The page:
UNICEF (United Nations Children's Fund)
|Title:|| ||UNICEF Annual Report 2015 - Myanmar
|Date of publication:|| ||13 June 2016|
|Description/subject:|| ||Executive Summary:
"In 2015, Myanmar wrote new important chapters in its history: the Government and eight ethnic armed groups signed a Nationwide Ceasefire Agreement (NCA), and successfully held elections that saw a landslide victory for the National League for Democracy. Despite progress, children in Myanmar continue to suffer from higher levels of mortality and malnutrition, lower enrolment and completion of primary education; and higher risks to trafficking, labour, violence and recruitment and use by armed forces, than children in the region. In this year's context, cooperation between Myanmar and UNICEF has been driven by three main considerations: turning policies and plans into changes in children’s lives, as longer-term reforms proceed; responding to humanitarian needs arising from both protracted situations and massive floods and landslides, while further mainstreaming risk reduction into development plans; and placing children at the centre of determining factors for Myanmar’s sustainable development – peace, social cohesion and human rights. The programme delivered direct results. More than 95 per cent of children 9 months to 15 years old were protected from measles and rubella through vaccination campaigns. In targeted townships, the proportion of children 3–5 years old accessing early childhood facilities doubled between 2014 and 2015, and hundreds of thousands of children benefited from child-centred teaching methodologies applied for the first time by more than 14,000 primary school teachers. Approximately 280,000 children in 27 townships benefited from the first-ever deployment of social case management workers. The proportion of children under 5 registered continued to increase, to reach 79 per cent this year. Releases of children and young people from the armed forces have continued, with an additional 146 released, falling one child short of the 700 mark since the signing of the Joint Action Plan in 2012. Under its four-theme advocacy strategy (children affected by armed conflict; children in Rakhine; public finance for children; and the first 1,000 days), UNICEF contributed to building an environment more supportive of child rights. Parties to NCA committed to protect children in armed conflicts, and negotiations are well advanced towards the signing of an Action Plan with two listed major ethnic armed groups; joint interventions in Kachin and the South-East allowed actors across ethnic lines to deliver better health care and nutrition to children; in the election campaign, the Union Electoral Commission, UNICEF and a coalition of Child Rights organizations convinced political parties to prioritize children. Those who did gained most of the votes, making children a clear winner of these elections. Amid inter-communal and religious tensions, the religious leaders of the four main faiths issued joint calls to respect religious diversity. In Rakhine, UNICEF's pioneering approach to reach all children through combined humanitarian assistance, development work, promotion of social cohesion, and advocacy against targeted discrimination is now making consensus among international development partners..."|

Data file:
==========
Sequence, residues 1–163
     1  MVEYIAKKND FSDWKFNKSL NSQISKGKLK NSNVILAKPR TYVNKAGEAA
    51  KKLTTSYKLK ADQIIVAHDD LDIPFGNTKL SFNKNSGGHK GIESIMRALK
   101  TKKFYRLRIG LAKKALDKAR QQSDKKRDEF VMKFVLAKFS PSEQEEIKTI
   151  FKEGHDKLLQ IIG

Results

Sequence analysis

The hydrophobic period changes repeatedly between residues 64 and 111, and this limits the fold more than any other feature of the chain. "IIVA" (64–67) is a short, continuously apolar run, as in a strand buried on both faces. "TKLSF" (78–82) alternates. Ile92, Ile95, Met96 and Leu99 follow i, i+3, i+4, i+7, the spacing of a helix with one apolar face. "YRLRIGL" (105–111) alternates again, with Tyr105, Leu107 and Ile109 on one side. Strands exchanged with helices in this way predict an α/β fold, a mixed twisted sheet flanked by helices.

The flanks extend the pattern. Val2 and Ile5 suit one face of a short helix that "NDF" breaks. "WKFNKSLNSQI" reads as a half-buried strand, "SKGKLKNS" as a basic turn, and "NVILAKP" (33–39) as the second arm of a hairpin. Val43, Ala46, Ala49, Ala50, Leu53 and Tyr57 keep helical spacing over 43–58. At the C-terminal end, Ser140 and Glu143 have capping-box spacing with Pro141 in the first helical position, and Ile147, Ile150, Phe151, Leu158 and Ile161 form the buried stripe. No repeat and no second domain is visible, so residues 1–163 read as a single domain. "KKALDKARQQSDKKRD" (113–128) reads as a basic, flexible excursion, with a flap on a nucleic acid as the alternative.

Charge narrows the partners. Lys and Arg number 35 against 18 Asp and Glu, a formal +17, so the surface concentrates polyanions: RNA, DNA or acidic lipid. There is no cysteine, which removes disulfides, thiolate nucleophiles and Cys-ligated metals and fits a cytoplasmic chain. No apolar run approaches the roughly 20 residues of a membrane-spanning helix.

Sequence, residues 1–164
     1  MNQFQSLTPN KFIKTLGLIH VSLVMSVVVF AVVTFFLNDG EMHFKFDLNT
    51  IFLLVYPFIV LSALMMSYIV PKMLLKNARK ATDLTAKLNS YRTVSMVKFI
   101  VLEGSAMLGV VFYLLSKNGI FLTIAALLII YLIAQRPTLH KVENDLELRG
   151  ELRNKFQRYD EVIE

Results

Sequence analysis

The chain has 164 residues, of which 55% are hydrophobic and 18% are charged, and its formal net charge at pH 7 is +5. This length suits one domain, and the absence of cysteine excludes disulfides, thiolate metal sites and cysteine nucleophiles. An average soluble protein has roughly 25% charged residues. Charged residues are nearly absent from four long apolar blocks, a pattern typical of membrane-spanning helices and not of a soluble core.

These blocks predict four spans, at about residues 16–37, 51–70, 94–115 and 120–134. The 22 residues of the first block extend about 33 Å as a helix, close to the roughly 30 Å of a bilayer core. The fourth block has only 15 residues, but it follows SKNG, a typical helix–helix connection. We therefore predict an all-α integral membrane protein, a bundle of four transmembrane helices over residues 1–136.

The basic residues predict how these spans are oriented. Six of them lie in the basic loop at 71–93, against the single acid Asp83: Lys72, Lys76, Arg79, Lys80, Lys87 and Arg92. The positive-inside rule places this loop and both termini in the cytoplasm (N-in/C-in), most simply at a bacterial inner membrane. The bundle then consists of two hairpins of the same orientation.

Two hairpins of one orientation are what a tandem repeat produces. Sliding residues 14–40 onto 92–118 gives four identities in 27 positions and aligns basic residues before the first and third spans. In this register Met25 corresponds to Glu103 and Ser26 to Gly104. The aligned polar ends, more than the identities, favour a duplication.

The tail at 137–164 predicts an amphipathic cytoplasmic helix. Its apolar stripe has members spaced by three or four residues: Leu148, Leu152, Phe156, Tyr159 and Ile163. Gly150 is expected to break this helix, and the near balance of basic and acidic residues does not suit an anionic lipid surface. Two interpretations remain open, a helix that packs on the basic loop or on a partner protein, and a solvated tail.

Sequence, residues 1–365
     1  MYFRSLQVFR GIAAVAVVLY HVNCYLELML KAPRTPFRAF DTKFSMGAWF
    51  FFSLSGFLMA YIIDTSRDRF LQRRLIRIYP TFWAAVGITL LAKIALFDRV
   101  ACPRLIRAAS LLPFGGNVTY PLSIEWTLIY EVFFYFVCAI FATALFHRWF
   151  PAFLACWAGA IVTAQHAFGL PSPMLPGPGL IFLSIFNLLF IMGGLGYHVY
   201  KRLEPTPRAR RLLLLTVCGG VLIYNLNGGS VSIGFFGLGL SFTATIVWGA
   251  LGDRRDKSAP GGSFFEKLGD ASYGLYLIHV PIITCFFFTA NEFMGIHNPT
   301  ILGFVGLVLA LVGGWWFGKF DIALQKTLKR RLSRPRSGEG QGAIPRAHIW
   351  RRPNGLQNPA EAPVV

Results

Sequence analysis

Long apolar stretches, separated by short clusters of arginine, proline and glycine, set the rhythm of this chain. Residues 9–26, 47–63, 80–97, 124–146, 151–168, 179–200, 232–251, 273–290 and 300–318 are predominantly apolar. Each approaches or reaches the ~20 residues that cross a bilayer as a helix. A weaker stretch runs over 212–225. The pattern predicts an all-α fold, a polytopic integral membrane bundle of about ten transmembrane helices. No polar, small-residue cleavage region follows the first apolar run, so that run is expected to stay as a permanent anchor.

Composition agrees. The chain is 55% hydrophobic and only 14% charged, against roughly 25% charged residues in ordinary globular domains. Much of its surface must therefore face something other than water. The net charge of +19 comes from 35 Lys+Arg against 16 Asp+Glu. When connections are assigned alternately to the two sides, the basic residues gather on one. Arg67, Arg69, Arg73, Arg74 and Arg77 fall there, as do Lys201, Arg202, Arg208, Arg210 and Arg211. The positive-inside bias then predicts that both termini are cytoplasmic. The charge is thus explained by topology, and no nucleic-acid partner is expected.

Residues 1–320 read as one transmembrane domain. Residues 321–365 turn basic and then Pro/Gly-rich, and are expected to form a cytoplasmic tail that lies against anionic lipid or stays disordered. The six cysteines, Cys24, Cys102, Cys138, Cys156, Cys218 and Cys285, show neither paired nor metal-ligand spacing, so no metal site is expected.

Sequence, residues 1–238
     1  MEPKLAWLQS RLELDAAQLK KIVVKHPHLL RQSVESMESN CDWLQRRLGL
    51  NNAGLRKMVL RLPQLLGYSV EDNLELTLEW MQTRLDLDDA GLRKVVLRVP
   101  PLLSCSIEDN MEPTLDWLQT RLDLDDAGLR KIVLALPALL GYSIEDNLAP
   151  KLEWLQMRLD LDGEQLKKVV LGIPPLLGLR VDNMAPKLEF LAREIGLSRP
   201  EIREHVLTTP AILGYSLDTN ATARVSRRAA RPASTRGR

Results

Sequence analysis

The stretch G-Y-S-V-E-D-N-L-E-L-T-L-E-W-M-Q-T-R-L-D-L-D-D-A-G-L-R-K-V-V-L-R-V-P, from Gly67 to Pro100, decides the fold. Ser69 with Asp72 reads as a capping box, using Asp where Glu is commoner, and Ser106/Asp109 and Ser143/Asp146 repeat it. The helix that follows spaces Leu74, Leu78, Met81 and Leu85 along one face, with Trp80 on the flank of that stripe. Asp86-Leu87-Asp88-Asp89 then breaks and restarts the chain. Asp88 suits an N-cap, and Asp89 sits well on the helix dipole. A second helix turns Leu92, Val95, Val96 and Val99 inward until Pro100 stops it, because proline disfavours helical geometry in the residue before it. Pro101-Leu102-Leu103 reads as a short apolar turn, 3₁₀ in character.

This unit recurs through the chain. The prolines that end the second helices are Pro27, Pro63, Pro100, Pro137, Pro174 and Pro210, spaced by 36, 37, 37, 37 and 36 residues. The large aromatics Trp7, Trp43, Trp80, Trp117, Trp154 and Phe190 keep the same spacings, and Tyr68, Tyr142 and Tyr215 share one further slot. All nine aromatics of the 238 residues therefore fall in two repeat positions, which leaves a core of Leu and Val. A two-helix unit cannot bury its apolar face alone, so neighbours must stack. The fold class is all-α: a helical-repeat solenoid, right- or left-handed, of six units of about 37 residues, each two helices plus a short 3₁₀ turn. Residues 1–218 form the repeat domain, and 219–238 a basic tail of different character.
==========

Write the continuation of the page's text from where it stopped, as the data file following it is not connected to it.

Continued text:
|Source/publisher:|| ||United Nations Childrfen's Fund (UNICEF)|
|Format/size:|| ||pdf (373K)|
|Date of entry/update:|| ||01 September 2016|
|Title:|| ||Government and UNICEF to strengthen birth registration system in Myanmar
|Description/subject:|| ||The births of three out of ten under five children in Myanmar have not been officially recorded.
Nay Pyi Taw, 28th July 2014 : A National forum on accelerating birth registration in Myanmar was conducted at Thingaha Hotel in Nay Pyi Taw on 28th July 2014, a joint event between UNICEF and government ministries, to identify strategies for strengthening birth registration for all children in Myanmar.
Birth registration is a critical first step towards the fulfilment of a whole range of children’s rights including entitlement to services such as health and education. Knowing the age of a person is central to protecting children from labour, forcible conscription in armed forces, child marriage and trafficking, and for ensuring they are dealt with appropriately by the justice system. A birth certificate may support the tracing and repatriation of children who are trafficked. All such issues are highly relevant to Myanmar.|
|Language:|| ||English, Burmese/ ျမန္မာဘာသာ|
|Alternate URLs:|| ||http://www.unicef.org/myanmar/PR_Birth_Registration_Launch_Myanmar.docx|
|Date of entry/update:|| ||23 October 2014|